I’m no expert on Anne Boleyn. I’m more of an Anne Boleyn sympathizer. I glean information about Anne from multiple questionable sources, ie The Horrible History series I read to my kids, the epic and very racy television series,The Tudors and a song about Henry’s wives my kids learned in primary school. I can’t really remember how it goes…
Lucky for me, my passionate retelling of the Horrible History books and a quick recap of The Tudors was enough to convince everyone to come with me to Hever Castle in Kent, the childhood home of Anne Boleyn.
Anne Boleyn (2nd wife of Henry VIII) spent her childhood at Hever Castle before attending Court in the Netherlands and France. Her ambitious father, Thomas Bullen (Boleyn) pushed Ann into King Henry VIII’s Court when Henry tired of having Anne’s sister, Mary, as a mistress. Anne was in love with Sir Percy, however, and was heartbroken when her match to Percy was denied. Anne left Court and returned to Hever Castle to nurse her broken heart where Henry VIII, enamored with Anne’s charm, wit and intelligence, visited her there often. She rebuffed his romantic advances and refused to become his mistress, which clearly motivated Henry to redouble his efforts to annul his marriage to Catherine. Eventually, as we all know, Henry VIII broke ties with the Catholic Church and married Anne. He fathered one living child with Anne before he tired of her. She was tried and convicted on a number of questionable charges and beheaded in May of 1536 to make way for Henry VIII”s third wife, Jane Seymour.
The house was eventually given to Henry’s fourth wife, Anne of Cleves, as compensation for the marital annulment after Henry decided Anne of Cleves was incredibly unattractive and refused to consummate the marriage. Hever Castle passed through a number of families after Anne of Cleves’ death before falling into complete ruin, a sad state for a place that played a role in changing the course of English history. John Jacob Astor, a wealthy American, purchased and restored the house and gardens n 1903.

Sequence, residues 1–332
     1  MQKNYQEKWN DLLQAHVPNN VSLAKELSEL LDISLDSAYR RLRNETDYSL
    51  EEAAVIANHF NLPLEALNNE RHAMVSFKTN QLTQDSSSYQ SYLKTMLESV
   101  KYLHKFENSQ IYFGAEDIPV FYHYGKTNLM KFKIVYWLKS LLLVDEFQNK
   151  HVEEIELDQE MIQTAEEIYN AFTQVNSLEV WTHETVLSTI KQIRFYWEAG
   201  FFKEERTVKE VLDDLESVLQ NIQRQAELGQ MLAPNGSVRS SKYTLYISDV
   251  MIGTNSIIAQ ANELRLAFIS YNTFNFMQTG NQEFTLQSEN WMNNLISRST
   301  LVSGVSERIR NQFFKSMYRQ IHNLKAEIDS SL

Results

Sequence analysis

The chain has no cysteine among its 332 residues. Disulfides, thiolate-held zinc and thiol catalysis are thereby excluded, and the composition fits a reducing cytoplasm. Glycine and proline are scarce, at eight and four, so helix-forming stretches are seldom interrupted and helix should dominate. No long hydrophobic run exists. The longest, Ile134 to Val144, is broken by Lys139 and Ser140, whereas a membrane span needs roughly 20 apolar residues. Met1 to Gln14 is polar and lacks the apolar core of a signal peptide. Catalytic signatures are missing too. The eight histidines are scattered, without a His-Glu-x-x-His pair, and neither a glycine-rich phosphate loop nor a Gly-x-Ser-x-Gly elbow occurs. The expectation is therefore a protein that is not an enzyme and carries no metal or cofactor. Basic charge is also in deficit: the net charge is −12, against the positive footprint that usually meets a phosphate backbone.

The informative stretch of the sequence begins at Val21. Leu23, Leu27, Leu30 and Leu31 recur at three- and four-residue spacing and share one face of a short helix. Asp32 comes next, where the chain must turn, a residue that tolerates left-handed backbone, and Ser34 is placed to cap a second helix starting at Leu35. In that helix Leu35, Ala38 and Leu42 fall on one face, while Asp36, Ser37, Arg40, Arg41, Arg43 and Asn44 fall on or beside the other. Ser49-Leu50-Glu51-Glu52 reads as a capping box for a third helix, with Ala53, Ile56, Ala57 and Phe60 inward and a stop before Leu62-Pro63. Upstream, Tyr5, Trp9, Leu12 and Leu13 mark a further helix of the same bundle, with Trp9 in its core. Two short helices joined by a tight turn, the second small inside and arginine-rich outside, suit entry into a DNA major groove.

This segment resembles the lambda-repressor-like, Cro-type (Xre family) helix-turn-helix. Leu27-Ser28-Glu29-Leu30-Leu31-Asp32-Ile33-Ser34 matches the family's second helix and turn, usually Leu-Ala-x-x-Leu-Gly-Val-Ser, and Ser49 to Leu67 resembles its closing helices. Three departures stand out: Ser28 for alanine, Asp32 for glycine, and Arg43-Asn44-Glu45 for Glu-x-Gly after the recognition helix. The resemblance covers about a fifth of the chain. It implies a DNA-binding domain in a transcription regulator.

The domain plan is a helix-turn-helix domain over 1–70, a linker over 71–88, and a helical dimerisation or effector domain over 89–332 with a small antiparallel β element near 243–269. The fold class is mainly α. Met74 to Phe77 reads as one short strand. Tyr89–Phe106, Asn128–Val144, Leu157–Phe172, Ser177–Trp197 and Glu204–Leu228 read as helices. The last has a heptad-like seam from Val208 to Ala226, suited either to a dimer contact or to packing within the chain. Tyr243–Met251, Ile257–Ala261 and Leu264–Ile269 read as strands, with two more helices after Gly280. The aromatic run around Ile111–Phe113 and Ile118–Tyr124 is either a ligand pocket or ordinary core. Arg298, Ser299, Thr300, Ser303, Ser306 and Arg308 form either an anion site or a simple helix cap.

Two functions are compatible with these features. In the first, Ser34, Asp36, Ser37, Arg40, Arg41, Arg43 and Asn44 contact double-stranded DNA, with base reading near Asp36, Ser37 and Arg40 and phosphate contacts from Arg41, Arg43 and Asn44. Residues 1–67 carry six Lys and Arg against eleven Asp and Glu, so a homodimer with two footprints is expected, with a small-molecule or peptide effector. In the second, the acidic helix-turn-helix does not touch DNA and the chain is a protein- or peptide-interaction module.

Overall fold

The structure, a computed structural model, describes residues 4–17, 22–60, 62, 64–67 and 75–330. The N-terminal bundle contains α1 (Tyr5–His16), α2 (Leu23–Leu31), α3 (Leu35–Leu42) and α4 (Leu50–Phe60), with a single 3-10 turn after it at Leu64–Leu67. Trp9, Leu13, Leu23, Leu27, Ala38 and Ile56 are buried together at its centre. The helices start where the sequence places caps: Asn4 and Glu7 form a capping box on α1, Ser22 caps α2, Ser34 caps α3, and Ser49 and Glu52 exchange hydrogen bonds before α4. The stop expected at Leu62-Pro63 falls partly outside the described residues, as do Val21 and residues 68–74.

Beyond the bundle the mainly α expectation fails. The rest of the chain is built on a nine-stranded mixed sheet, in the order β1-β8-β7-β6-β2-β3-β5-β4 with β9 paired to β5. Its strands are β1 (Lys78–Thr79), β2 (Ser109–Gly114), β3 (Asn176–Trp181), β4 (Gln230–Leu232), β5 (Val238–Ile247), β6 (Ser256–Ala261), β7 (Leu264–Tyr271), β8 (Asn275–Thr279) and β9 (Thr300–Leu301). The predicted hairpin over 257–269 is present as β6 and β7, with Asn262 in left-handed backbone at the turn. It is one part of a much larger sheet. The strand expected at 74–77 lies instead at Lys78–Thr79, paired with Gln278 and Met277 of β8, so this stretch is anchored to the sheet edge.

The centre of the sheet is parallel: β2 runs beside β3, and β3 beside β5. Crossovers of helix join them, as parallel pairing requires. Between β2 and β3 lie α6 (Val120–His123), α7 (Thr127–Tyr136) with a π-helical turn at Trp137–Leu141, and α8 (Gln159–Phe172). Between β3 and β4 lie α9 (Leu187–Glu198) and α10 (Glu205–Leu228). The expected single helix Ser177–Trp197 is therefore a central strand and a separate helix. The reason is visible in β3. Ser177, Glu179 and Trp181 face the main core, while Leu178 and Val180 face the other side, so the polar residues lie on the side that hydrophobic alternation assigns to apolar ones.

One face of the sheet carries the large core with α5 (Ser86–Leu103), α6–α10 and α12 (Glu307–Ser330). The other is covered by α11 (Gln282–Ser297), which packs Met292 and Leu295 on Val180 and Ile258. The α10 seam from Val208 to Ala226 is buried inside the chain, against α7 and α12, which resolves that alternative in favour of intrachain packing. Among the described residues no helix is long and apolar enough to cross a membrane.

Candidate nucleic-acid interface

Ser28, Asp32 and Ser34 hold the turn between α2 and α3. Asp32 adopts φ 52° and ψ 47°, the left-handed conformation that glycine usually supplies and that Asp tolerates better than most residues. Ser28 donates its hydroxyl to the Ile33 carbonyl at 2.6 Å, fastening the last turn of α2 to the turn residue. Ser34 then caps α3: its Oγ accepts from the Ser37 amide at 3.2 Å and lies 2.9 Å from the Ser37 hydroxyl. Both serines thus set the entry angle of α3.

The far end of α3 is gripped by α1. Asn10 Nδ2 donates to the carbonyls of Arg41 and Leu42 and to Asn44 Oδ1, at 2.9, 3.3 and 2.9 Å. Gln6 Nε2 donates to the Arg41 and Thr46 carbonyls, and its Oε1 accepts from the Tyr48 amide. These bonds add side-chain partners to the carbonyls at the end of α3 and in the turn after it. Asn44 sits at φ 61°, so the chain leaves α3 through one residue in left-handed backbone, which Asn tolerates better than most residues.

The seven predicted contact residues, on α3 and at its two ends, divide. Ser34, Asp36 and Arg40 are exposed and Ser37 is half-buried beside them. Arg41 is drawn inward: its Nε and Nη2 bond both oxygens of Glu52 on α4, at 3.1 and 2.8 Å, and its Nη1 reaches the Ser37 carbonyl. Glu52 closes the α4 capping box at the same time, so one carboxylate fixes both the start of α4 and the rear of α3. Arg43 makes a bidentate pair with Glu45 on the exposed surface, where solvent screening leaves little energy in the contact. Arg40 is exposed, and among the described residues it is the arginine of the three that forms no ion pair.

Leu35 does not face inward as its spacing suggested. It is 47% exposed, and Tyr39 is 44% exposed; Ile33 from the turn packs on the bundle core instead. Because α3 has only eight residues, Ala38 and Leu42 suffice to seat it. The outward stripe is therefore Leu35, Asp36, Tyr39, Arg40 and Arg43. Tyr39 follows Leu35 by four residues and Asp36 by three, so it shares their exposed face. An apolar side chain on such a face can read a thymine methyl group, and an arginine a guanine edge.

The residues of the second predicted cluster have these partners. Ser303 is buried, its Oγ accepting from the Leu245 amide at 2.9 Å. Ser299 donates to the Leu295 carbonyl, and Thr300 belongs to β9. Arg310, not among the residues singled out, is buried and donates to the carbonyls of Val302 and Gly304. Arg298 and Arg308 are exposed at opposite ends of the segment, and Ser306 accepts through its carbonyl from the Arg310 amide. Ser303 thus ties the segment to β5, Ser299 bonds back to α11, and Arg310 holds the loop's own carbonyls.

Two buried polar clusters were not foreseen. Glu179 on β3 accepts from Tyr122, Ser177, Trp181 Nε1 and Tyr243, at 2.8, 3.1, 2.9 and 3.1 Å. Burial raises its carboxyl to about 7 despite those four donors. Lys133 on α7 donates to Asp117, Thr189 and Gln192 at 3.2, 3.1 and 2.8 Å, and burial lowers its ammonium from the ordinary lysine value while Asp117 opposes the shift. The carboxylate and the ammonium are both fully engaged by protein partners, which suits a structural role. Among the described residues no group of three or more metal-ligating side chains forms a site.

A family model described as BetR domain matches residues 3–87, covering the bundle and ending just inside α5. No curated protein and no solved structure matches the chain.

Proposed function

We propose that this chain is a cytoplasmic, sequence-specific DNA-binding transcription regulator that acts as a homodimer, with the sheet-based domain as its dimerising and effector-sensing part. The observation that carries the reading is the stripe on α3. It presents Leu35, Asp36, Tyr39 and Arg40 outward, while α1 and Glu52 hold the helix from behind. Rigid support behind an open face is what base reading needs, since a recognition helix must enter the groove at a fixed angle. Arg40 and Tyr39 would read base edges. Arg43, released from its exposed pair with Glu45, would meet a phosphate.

It’s easy to imagine Anne wandering the grounds as a child or hiding from/with Henry in the hedgerows. Supposedly, Anne’s ghost still wanders over the lovely wooden bridge and around the garden (without Henry) during Christmastime.
Photo via onthetudortrail.com
The house itself contains an extensive collection of artwork and antiques highlighting the Castle’s role in English history (no photos allowed, sadly). I loved standing in Anne’s tiny bedroom, staring out the window and reading Anne’s prayer books, one of which she took to her execution. Love letters sent between Henry and Anne hang on the wall. They loved each other once-upon-a-time.
It seemed to me a bit insensitive to highlight Henry VIII so boldly throughout the property. He did, after all, execute the woman who lived here. Yet, his portraits and likenesses hang the Long Gallery and the Inner Hall and one of his gilded, personal locks hangs on the door of the Dining Room. Henry’s bedchamber has an original Tudor carved ceiling and a glorious, canopied bed. If only walls could talk….
Le Temps Viendra Anne Boleyn “The Time Will Come”
Things to Know
Hever Castle lies appx 35 miles from London, southeast of Edenbridge in West Kent. It was our first stop on a multi-day trip to the Southeast. If you want to drive, consider taking the train/tube to the outskirts of London and picking up your car there. I didn’t follow my own advice, and it ended in a very long drive and a few minor domestic disputes en route. If you’d rather go by train, check the link here to find out more.
Hever Castle is currently owned by a commercial venture, instead of a private family. I was initially wary about having a “faux” castle experience (you know what I mean) but was pleasantly surprised. The Castle was wonderfully presented. The gardens are spectacular and the grounds have activities for children and grownups….archery, walking trails, camping (shudder) and mazes. Beware the wet maze. It’s called the WET maze for a reason. The Mister was not amused.
The Castle opens later than the grounds, so time your visit accordingly. Check rates and times here before you go. You can spend the night on the castle grounds by contacting the Hever Castle Bed and Breakfast.
If you have an interest in Anne Boleyn, you should also plan visits to Hampton Court Palace, the Tower of London and Blickling Hall.
If you have good reading recommendations about Anne, I’d love to hear them!